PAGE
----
“We believe Netflix still has a considerable opportunity ahead if it can achieve reasonable penetration levels internationally,” Schindler said. “Netflix will face varying levels of competition, regulation and economic conditions in each individual market it participates in, but its content scale should allow it to become the dominant streaming player in virtually all markets.”

To be fair, the idea of making a prediction about the tech space 12 years out seems rather foolish. After all, 12 years in the tech world is nothing short of an eternity. As a prime example, the first iPhone was still in development 12 years ago and the original Tesla Roadster hadn’t even been unveiled yet. Still, the larger takeaway here is that Netflix, despite the tremendous success it has enjoyed already, still has plenty of room left to grow.

How Netflix uses analytics to help develop hit TV shows

More so than any other media entity today, Netflix is downright obsessed with original programming. Hardly a secret, the streaming giant has been rather forthright about its plans to make half of its streaming catalog consist of Netflix originals in just a few years time.

“We’ve been on a multiyear transition and evolution toward more of our own content,” Netflix CFO David Wells said back in 2016. At the time, Wells divulged that approximately one-third of Netflix’s library was comprised of original content, a figure which has likely risen considerably since then. Indeed, Netflix’s laser-like focus on developing and acquiring exclusive content is why the company plans on spending upwards of $8 billion on content in 2018 alone.

More recently, Netflix chief content officer Ted Sarandos said that the company plans to have 1,000 original titles on the service before 2019. That being the case, one can only wonder how Netflix decides what shows to develop and acquire, not to mention which Hollywood writers are worth striking deals with.

Touching on this very issue, Sarandos recently explained that Netflix’s treasure trove of internal data is what helped it land a blockbuster $300 million deal with Ryan Murphy, the mastermind behind shows like Glee and American Horror Story.

CNBC reports:

You might guess, from a bunch of other shows, who might like ‘American Horror Story.’ I bet you wouldn’t guess that people who like ‘Bob’s Burgers’ like ‘American Horror Story,'” Sarandos said. “And it’s that thread of humor that he threads through all his stuff that actually gives us the ability to broaden his audience beyond a single network.”

Netflix data, Google trends and social media all help in determining logistics and budgeting, while the creative direction is still based on “believing in the storyteller,” he said.

Interestingly enough, there’s a famous story which describes Netflix’s line of reasoning back when they decided to green-light House of Cards, a show which arguably put Netflix Originals on the map. As the story goes, Netflix observed that there was an interesting overlap between Kevin Spacey fans, viewers who enjoyed the original House of Cards on the BBC and movies directed David Fincher. Consequently, it was a no-brainer from Netflix’s perspective to pull the trigger on buying a House of Cards remake.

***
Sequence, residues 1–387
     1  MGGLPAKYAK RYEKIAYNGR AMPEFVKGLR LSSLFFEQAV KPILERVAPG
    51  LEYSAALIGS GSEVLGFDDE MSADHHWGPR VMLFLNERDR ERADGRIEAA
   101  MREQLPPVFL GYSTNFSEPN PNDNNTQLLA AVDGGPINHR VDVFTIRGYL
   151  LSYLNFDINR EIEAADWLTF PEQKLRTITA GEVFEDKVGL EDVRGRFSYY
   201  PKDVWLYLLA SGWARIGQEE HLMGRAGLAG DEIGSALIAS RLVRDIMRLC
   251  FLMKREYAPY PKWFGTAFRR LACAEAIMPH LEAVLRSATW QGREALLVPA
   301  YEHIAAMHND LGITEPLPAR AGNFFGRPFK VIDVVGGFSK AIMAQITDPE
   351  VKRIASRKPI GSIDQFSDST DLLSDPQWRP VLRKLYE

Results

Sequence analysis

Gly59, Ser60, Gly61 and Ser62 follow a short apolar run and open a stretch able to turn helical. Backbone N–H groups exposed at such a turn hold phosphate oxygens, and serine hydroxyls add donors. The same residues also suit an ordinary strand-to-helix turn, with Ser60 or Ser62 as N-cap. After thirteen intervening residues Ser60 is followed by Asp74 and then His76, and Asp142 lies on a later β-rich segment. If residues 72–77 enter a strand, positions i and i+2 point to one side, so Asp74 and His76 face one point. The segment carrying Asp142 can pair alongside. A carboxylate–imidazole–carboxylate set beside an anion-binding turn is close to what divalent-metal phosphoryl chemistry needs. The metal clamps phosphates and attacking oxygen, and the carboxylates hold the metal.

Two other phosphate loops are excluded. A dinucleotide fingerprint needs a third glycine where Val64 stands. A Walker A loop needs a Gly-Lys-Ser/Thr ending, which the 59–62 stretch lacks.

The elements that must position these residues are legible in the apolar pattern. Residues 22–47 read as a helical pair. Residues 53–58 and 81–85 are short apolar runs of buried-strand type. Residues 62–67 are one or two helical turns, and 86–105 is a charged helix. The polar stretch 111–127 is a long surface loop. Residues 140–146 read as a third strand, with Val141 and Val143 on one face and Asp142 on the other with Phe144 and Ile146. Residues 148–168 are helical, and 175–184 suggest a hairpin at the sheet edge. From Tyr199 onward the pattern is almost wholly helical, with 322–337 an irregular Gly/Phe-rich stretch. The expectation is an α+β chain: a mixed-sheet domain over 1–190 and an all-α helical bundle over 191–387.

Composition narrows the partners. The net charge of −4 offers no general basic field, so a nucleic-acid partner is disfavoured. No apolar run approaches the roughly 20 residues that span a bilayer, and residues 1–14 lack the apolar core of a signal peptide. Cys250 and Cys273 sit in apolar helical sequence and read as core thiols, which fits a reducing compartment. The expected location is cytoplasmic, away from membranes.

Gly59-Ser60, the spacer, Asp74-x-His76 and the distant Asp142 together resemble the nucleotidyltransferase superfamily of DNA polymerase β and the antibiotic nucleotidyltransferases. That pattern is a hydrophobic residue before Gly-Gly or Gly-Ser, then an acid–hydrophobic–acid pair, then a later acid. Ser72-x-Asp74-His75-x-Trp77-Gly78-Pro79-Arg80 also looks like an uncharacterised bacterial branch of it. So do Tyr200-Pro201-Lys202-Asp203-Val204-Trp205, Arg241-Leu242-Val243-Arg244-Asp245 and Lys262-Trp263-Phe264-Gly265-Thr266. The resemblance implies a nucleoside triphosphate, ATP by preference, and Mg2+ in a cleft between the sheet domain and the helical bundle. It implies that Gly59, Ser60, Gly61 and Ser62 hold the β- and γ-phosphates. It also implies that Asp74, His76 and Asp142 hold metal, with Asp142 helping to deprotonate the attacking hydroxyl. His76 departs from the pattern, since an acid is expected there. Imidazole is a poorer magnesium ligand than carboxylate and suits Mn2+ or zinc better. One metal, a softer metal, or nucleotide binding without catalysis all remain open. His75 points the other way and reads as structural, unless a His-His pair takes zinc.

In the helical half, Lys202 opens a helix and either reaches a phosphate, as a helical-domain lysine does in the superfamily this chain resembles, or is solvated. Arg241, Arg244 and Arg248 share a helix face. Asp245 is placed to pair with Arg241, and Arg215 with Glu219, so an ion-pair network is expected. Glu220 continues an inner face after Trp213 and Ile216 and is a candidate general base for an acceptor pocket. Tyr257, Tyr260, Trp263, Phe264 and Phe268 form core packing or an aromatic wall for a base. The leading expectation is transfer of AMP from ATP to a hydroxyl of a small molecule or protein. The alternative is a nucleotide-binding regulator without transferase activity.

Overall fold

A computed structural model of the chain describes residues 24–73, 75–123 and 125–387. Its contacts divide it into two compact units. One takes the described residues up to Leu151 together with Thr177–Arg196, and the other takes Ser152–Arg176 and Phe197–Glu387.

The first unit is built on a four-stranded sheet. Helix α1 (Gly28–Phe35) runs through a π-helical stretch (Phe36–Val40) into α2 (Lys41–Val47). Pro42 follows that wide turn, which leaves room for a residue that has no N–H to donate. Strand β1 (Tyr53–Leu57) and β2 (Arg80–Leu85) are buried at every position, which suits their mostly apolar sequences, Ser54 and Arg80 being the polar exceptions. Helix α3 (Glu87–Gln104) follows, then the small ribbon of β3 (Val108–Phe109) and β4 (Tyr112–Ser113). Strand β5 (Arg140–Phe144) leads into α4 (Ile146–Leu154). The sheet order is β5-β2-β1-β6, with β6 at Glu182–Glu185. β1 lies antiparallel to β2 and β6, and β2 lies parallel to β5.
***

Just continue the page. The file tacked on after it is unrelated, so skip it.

For those interested, a fascinating run-down of how Netflix employs analytics to map out user viewing habits can be seen here.

Netflix will have 1,000 original shows and movies by the end of 2018

Catching up on all of Netflix’s original content is about to become an impossible task as the service’s chief content officer Ted Sarandos said on Monday that around 1,000 originals will be streaming by the end of the year.

Speaking at the MoffettNathanson Media & Communications Summit 2018 in New York on Monday, Sarandos said that 85% of new spending will go toward original content in 2018. In total, the company expects to spend $8 billion this year, though he wouldn’t specify the exact amount for originals versus licensed content.

That 1,000 number is obviously the highlight of the talk, but what’s especially striking is that 470 of those originals will debut between now and the end of 2018. To put that into perspective, nearly half of all original content on the most popular video streaming service in the world will roll out in the next seven months.

“The creators we’re talking to, they watch Netflix and they want to be on our network,” said the CCO. “It’s a great time to be a producer, that’s for sure.” He also noted that “the way we can secure those shows is having a great reputation with talent, having a brand people want to be associated with, and a good track record of delivering.”

Plenty of content has already been announced for the coming days and weeks (May’s lineup of new content is right here), but Sarandos revealed during his talk that 80 movies will hit Netflix this year, including cheap indie films and big blockbusters like Bright. Sarandos also said that he was surprised it took so long for other companies like Disney to jump into the streaming business, and said that Netflix still has no plans for live sports or news.

The 10 best new movies and TV shows coming to Netflix in May

Just as the sun begins to peek out from behind the clouds and warm weather becomes a consistent presence rather than a nice surprise, Netflix decides to drop dozens of new original shows and movies on us. May looks to be one of the busiest months of the year for Netflix, so we’re all going to have to delay our plans to go outside.

While there are a few TV shows that deserve to be on this monthly top ten list (and are), the movies are actually just as interesting, if not more so, in the coming weeks. We have a zombie drama called Cargo starring Martin Freeman of The Office and The Hobbit, a techno-thriller about anonymity and hacking called Anon, and a bevy of third-party hits like Amelie, The Bourne Ultimatum, Coco and The 40-Year-Old Virgin.

There are also some comedy specials and TV shows that sneaked on to the list, but the fourth season of Unbreakable Kimmy Schmidt is easily my personal most anticipated piece of content coming to Netflix in May:

Now that you’ve seen the best, be sure to take a look at the rest — here’s the full list of everything that will be added to Netflix’s catalog this month. And here’s the full list of everything that will be removed from Netflix in May, in case you want to watch these shows and movies before they expire.